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Portfolio > Alternative Investments > Hedge Funds

Robin Hood Foundation Ball Raises Record Amount for Fighting Poverty

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NEW YORK (–The Robin Hood Foundation, a charity group run mostly by hedge fund and Wall Street people, raised more than US$24 million at its annual benefit, possibly the largest amount ever received from a single event by any philanthropy.

Some 3,600 attendees, including well-known names from both entertainment and finance, paid at least US$2,400 apiece to party at New York’s Jacob Javits Convention Center the night of June 1.

They were entertained by rock ‘n’ roll star Rod Stewart. Fantasia, the recent winner of the TV show “American Idol,” was a surprise guest, as was soul singer Al Green.

Robin Hood broke its own record from last year’s ball, which brought in US$16 million. The big jump to US$24 million may be partly due to Wall Street’s improved fortunes since then.

Part of the proceeds came from an auction consisting of unique packages, which in the past has included lessons from top sports and Hollywood figures. But most of the money came from table and ticket sales, according to a person involved with the event.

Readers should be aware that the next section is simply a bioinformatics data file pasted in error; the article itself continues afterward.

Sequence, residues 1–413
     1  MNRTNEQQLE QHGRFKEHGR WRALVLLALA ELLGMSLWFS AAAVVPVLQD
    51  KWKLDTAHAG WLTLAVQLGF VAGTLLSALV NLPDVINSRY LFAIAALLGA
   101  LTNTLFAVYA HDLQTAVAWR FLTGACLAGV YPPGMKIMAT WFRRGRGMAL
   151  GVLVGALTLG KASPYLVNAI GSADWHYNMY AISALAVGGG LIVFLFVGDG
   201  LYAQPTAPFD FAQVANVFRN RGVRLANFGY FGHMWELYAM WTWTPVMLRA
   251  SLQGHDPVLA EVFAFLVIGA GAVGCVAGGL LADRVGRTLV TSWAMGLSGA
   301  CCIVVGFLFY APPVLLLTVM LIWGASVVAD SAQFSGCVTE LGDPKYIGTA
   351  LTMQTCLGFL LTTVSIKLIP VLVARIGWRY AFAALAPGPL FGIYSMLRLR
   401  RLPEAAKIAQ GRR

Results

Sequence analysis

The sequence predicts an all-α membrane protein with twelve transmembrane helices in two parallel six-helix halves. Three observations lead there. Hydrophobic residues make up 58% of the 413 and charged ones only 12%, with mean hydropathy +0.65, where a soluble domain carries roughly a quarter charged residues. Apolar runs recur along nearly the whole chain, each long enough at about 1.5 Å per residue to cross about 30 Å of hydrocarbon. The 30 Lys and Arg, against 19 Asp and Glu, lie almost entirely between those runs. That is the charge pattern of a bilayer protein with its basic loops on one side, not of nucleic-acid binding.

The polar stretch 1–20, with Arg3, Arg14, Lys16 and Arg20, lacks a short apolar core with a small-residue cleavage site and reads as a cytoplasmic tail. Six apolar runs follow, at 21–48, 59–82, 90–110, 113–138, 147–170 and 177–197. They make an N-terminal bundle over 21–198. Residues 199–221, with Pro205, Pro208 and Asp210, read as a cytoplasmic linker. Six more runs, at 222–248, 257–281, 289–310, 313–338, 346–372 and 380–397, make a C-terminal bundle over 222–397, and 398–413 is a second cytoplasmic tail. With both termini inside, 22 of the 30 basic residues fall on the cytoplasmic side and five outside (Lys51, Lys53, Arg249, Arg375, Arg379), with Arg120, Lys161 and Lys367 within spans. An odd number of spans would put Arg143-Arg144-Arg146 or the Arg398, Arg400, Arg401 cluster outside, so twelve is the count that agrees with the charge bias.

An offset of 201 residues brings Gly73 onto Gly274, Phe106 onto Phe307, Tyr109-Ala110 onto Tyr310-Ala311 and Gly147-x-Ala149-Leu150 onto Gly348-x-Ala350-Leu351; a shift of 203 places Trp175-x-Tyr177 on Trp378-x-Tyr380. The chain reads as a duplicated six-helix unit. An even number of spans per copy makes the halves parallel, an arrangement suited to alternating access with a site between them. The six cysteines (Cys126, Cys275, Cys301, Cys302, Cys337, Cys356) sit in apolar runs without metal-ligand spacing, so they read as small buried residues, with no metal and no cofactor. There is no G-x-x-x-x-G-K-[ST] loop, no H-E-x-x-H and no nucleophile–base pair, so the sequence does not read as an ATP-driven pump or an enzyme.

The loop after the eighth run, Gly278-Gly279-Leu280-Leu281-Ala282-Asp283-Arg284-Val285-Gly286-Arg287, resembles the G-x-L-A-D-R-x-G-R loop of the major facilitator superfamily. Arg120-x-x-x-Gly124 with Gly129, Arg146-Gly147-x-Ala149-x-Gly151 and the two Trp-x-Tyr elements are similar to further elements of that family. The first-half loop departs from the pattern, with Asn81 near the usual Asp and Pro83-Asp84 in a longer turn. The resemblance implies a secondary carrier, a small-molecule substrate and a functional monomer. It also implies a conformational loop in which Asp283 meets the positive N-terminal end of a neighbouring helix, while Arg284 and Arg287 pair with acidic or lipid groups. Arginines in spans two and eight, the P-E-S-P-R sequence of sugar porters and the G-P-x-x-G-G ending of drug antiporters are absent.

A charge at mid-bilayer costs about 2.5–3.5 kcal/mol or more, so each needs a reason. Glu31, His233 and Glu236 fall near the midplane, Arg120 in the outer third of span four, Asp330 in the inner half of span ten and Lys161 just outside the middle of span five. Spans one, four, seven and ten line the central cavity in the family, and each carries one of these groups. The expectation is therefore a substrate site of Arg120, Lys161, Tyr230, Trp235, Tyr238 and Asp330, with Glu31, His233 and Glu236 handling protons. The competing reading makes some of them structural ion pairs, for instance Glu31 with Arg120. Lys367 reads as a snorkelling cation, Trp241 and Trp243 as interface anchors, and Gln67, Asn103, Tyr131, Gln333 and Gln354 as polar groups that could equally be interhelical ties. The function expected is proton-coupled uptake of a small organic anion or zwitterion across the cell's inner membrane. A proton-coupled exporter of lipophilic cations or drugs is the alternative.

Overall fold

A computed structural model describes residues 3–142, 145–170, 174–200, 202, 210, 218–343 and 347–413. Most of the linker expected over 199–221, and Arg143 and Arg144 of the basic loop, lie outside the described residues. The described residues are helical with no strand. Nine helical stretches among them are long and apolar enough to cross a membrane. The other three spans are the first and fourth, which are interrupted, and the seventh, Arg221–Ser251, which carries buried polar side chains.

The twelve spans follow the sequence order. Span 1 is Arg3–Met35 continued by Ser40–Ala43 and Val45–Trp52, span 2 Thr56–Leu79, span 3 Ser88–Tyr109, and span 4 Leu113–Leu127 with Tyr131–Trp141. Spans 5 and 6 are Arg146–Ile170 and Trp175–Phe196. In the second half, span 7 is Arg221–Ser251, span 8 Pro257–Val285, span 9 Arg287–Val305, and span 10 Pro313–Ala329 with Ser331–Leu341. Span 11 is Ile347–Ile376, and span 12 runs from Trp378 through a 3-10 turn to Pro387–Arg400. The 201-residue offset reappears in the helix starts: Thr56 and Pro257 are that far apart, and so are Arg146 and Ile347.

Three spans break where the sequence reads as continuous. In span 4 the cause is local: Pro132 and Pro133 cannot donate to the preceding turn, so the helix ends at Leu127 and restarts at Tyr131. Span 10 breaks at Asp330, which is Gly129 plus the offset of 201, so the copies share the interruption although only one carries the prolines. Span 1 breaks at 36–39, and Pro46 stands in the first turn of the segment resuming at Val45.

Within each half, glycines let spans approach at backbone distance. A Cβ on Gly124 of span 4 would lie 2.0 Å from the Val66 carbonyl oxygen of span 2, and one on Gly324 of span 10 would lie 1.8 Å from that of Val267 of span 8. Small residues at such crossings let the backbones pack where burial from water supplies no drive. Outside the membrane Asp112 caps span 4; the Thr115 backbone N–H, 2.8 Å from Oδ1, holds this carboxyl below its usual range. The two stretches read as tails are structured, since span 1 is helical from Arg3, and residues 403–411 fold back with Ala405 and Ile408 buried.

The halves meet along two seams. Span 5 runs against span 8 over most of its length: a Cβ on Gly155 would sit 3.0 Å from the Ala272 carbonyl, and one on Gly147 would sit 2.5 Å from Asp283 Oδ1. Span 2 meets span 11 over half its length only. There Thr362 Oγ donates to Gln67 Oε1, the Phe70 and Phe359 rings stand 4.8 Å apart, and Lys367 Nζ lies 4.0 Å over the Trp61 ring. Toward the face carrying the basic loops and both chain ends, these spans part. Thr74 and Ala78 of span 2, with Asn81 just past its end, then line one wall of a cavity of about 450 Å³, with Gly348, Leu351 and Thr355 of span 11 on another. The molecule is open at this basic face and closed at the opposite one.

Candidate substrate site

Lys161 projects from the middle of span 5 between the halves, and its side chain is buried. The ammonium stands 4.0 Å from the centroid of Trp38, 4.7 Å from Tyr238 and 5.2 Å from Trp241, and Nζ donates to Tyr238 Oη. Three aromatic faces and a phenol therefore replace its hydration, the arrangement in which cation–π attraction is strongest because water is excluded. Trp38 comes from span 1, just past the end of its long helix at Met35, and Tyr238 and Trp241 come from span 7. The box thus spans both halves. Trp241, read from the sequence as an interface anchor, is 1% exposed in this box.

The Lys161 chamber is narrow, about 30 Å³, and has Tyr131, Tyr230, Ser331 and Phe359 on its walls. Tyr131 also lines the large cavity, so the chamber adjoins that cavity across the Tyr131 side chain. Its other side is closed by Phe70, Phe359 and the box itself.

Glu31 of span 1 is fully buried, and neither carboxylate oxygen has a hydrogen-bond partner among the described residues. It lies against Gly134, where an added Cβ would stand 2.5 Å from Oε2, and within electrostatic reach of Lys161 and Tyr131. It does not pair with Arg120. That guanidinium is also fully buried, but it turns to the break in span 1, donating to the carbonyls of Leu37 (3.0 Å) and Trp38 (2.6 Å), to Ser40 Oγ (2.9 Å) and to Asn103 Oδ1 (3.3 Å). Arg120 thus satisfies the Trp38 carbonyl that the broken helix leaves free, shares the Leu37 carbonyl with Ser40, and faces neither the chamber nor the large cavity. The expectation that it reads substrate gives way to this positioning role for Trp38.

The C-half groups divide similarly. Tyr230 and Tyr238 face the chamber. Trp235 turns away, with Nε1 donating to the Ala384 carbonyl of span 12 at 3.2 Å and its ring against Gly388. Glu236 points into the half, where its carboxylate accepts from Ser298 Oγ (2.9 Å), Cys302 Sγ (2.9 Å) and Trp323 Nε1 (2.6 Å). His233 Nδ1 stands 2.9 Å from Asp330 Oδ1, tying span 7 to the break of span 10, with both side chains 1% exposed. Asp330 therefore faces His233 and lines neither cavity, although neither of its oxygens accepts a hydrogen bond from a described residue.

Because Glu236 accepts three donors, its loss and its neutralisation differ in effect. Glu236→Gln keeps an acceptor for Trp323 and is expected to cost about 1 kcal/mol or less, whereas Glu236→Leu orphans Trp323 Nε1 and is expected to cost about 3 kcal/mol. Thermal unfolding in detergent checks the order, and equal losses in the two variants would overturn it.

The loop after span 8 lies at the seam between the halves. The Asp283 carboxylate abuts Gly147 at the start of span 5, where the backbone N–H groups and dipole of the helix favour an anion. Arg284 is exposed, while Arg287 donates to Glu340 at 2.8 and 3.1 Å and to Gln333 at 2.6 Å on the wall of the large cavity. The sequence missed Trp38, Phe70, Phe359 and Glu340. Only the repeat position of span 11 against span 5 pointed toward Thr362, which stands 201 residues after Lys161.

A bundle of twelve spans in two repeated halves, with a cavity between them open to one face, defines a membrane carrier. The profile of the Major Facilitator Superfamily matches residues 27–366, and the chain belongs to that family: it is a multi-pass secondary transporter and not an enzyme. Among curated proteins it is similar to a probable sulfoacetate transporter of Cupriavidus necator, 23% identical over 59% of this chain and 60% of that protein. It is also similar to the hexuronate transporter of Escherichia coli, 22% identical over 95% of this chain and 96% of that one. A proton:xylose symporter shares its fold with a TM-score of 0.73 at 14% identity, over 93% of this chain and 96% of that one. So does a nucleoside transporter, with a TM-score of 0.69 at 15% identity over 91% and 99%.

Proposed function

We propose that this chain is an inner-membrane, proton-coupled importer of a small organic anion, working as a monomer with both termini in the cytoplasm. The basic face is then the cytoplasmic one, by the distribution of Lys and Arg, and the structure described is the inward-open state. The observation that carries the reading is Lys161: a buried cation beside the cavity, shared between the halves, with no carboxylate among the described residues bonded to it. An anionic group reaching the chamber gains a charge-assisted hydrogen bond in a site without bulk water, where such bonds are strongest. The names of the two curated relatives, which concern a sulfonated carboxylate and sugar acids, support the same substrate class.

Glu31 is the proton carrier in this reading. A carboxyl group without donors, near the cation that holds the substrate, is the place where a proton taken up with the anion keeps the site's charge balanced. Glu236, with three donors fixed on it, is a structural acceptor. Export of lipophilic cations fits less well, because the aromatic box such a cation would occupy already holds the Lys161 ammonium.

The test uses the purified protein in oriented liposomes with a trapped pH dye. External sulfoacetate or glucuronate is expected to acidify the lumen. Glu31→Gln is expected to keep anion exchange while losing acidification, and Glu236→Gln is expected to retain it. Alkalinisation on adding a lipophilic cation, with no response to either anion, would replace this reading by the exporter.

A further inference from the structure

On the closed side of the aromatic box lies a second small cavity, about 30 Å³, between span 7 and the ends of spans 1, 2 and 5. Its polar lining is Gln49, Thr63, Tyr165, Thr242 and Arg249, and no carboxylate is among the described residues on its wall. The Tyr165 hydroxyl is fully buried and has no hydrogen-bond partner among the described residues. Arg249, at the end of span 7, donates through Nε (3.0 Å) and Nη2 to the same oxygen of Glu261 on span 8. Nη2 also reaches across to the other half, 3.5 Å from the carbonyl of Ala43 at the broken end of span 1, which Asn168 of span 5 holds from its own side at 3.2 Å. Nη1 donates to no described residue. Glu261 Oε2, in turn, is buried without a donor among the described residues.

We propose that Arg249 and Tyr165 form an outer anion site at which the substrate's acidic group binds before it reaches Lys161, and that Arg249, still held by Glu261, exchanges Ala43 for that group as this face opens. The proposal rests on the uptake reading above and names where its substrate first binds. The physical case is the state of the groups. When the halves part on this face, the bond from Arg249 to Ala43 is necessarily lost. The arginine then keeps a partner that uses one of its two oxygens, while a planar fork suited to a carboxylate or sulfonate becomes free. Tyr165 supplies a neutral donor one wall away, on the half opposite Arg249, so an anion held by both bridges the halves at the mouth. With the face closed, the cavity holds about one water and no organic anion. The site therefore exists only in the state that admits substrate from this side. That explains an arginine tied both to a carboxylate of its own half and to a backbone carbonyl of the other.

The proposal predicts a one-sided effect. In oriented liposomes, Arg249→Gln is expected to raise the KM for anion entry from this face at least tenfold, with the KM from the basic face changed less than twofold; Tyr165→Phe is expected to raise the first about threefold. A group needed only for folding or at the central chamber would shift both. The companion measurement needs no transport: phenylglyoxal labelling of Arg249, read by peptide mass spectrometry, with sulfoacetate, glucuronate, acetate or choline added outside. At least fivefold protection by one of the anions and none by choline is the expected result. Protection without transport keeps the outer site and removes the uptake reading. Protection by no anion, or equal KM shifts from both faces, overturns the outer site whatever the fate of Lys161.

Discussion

Robin Hood was started by Paul Tudor Jones of Tudor Investment Corp., Greenwich, Conn., and he remains on the board of directors. He teamed up with Glenn Dubin and Peter Borish to develop the organization, which now has a staff of about 65.

The group funds about 125 programs that help New York City’s poor, with a focus on getting results. Activities funded range from early childhood care to job training and securing shelter for the homeless.

Besides having run a relief fund for victims of the 9/11 attacks, Robin Hood pays for several ongoing projects, such as building libraries in elementary schools. It has been conducting a US$50 million capital campaign to build facilities for the groups it funds.

Last year the organization raised US$36 million from people other than its board members–the latter contributed an additional amount. Large banks and hedge funds have made impressive donations, while 60% of the gifts from individuals were for $1,000 or less.

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